“Rookie Blue” is a crime melodrama in its fourth season. The show has typical elements of the genre, especially with the aesthetics, narrative and pacing. Despite the use of traditional aspects, “Rookie Blue” is still intriguing and enjoyable to watch. Some elements of the show represent issues that either reflect society as a whole and the workplace. It’s tempting to watch the entire series after watching the first few episodes of this new one.
Perseverance and playfulness
The fourth season of “Rookie Blue” opens with a flashback of where the third season left off, and focuses on a six month meth investigation. Officers Andy McNally (Missy Peregym) and Nick Collins (Peter Mooney) are undercover in the case. The two become directly involved in the case as the suspects hold them hostage. Having two of the principle characters in danger, when they are usually the ones serving justice, is a unique way to introduce “Rookie Blue” to new and old fans alike.
The narrative has serialized relationships and episodic cases, with the exception of the investigation. Each episode deals with at least two or three subplots surrounding crimes. The characters all differ in personal lives and attitudes, from young father Chris Diaz (Travis Milne) to cynical Gail Peck (Charlotte Sullivan). They all have to drop any personal aspect of their life once a crime has to be solved, but those elements do crossover for some characters. After Dov Epstien (Gregory Smith) and new officer Chloe Price (Priscilla Faila) have a brief affair, they meet again as work colleagues. Chris gets a tattoo in honour of his son, Christian, by the same artist he interviewed while looking for evidence to solve a case.
Cutting it close
“Rookie Blue” paces the show by cutting the last scene before commercial right at the cliff-hanger. Yes, that is a convention of the melodrama genre, but it makes the show suspenseful and gripping. The pacing is also one of the best aspects of the show because it builds up anticipation for how the case will be solved. Usually, the characters will succeed and the crime is forgotten after the episode it is focused on. However, it is not the case for Marlo Cruz (Rachael Ancheril). She feels guilty after shooting and killing an emotionally disturbed person (EDP) to save Andy in the episode after the situation occurred-potentially for the rest of the season.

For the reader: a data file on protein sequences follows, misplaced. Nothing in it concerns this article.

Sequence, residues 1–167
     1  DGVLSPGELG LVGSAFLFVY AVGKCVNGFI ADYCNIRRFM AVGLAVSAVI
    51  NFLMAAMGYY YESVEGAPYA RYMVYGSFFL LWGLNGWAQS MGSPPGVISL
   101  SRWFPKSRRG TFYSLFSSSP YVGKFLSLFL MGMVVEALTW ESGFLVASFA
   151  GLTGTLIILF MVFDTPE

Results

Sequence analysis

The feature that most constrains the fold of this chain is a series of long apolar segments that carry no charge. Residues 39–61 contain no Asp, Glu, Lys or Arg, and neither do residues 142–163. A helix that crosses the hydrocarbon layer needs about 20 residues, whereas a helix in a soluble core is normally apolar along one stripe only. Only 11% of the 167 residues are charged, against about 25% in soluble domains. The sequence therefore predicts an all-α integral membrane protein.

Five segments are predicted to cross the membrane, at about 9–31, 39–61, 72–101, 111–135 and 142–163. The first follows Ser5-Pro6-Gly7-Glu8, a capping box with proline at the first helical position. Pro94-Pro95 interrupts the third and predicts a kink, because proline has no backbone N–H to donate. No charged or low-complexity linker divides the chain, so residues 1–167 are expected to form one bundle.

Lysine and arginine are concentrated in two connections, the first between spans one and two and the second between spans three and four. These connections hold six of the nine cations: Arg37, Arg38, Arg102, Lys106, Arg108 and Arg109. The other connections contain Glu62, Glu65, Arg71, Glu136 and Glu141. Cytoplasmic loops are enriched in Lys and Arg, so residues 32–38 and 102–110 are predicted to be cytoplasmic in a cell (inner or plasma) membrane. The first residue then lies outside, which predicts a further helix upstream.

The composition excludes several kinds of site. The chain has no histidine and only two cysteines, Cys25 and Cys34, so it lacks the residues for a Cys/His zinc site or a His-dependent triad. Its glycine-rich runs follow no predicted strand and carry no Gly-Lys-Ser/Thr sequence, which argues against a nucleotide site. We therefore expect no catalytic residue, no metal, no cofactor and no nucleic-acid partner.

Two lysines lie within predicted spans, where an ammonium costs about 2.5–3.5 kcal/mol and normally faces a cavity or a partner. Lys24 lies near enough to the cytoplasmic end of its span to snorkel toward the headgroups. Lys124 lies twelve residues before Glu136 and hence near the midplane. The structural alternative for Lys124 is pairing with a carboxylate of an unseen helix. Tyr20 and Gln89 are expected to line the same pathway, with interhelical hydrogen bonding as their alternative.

In one particular case, Andy and Gail find a transgendered teenage male in the trunk of a car during a highway check. Near the end of the episode, Andy visits the teenager, Alex, in the hospital following his suicide attempt. She tells him to keep on going because he knows who he is at 15, when most people don’t figure it out until much later in their life. The plotline speaks out to today’s youth, let alone any person who are like Alex. Since there are shows featuring gay actors and/or characters, representing the struggles faced, “Rookie Blue” is great because it spoke about gender identity in one an episode.
Turn Up the Volume
The soundtrack of “Rookie Blue” is features a variety of artists, with three songs by Serena Ryder in the fourth episode. Regardless, there is diversity in the rhythms of the songs themselves, and they all fit the mood of the situations they are played in. The score is well rounded and enjoyable to listen to. The shaky camera documentary style is used for the cinematography. Again, nothing new, but it works for the show. Honestly, it would be bizarre to do a cop show in any other style. An observational style also presents the action and drama on “Rookie Blue” close up, as if you were a witness of the crime.
“Rookie Blue” is an easy to follow and suspenseful show. The traditional elements of a cop show are used effectively. There aren’t too many, if any, other ways to present a show like it. All of the conventions of the crime melodrama work for “Rookie Blue” and help the show succeed. Just even one episode of the series will make you crave the rest of the show. If four episodes are not enough for you, it’s best to start from the beginning.